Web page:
Identity thieves using jury duty to get personal information | CraigDailyPress.com
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Identity thieves using jury duty to get personal information

Brandon Johnson

A new scam is working its way across the nation, using jury duty as a way to get people’s personal information.

A person calls claiming to represent the local clerk of court. The caller says the victim was assigned to jury duty and will be ticketed for failing to show up. When the victim says he didn’t know he had jury duty, the caller asks for information to verify the victim’s identity. Usually, the scammer wants a social security number, address and date of birth.

Diana Meyer, jury commissioner and clerk of the Moffat County combined courts, said her staff does not ask for personal information over the phone.



“We would never ask them for their social security number,” Meyer said.

Meyer said her office had not heard of the scam.



The clerk can hold jurors in contempt if they deliberately ignore a jury duty assignment, but Meyer said her office doesn’t need to get a social security number over the phone to do that.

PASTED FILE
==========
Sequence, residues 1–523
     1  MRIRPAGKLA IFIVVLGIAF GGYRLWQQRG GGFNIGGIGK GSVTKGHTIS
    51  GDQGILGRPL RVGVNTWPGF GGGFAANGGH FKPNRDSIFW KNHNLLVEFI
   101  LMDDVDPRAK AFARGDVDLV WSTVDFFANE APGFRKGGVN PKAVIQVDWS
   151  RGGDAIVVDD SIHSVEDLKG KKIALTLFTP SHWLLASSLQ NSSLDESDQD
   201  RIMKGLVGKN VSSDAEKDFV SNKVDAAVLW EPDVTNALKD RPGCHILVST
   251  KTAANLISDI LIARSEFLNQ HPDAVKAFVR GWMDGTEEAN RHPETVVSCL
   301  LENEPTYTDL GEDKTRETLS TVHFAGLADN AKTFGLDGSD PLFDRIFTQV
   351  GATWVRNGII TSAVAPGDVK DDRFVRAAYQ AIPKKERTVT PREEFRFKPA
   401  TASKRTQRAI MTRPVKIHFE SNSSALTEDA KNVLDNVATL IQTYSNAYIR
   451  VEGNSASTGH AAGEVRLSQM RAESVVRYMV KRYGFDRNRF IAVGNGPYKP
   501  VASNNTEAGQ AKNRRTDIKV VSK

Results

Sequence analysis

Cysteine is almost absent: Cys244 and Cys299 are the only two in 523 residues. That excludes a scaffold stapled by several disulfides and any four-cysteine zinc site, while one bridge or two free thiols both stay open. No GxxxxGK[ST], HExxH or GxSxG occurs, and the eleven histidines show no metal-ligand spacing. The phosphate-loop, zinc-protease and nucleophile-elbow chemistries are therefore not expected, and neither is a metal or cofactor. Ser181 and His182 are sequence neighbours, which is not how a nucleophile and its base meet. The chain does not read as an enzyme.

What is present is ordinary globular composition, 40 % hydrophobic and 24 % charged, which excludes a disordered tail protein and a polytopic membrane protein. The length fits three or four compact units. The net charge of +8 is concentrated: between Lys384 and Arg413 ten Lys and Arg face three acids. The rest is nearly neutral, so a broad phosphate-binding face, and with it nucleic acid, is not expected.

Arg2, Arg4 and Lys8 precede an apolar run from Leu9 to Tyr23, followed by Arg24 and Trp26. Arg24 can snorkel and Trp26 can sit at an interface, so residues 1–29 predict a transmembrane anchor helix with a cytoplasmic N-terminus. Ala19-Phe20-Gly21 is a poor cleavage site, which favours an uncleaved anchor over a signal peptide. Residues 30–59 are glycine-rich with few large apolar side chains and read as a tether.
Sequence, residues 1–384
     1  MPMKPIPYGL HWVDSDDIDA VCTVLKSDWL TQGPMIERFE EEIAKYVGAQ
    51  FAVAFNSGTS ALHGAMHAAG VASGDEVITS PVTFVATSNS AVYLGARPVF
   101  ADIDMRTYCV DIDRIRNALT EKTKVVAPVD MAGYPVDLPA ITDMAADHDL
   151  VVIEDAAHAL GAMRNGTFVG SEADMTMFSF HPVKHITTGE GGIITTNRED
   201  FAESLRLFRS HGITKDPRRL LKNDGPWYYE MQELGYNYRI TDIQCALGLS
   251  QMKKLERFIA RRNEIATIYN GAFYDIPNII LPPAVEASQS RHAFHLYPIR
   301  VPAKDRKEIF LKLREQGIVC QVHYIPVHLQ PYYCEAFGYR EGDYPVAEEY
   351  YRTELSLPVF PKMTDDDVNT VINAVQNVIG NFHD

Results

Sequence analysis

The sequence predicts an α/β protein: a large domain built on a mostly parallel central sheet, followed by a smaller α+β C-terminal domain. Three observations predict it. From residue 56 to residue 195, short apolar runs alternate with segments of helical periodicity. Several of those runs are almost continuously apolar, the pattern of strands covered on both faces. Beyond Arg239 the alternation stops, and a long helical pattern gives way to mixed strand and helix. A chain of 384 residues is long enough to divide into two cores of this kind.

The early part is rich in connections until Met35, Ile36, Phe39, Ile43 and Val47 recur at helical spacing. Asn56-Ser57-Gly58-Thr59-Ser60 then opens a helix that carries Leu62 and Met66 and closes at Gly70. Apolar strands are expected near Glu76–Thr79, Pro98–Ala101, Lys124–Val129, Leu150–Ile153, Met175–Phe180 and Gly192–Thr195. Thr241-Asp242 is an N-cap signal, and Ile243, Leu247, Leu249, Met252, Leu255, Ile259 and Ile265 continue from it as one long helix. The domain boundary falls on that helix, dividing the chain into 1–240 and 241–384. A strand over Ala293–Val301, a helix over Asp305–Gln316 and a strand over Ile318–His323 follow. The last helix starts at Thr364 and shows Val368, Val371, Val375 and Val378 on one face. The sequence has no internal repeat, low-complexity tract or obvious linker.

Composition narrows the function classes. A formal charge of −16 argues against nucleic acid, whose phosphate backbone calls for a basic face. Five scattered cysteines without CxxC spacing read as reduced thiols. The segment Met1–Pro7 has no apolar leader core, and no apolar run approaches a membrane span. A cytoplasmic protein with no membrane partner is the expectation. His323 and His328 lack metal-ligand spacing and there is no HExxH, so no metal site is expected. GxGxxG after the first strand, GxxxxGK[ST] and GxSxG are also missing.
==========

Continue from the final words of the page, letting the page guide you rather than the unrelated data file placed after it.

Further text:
Lt. John Forgay with the Craig Police Department said people should never give their personal information to strangers.

“The general rule is don’t give any personal information over the phone,” Forgay said.

Forgay said he had heard about the jury duty scam but didn’t know whether it had happened in Craig.

If someone gets a call asking for personal information, Forgay encourages people to ask for a phone number and call them back. If the caller won’t give a phone number, it could be a sign that they aren’t who they claim to be.

Forgay said identity theft is a growing problem nationwide. He recommends people don’t leave checks or other personal information in their mailbox, instead, they should give them personally to mail carriers or drop them off at the post office.

Brandon Johansson can be reached at 824-7031 or bjohansson@craigdailypress.com


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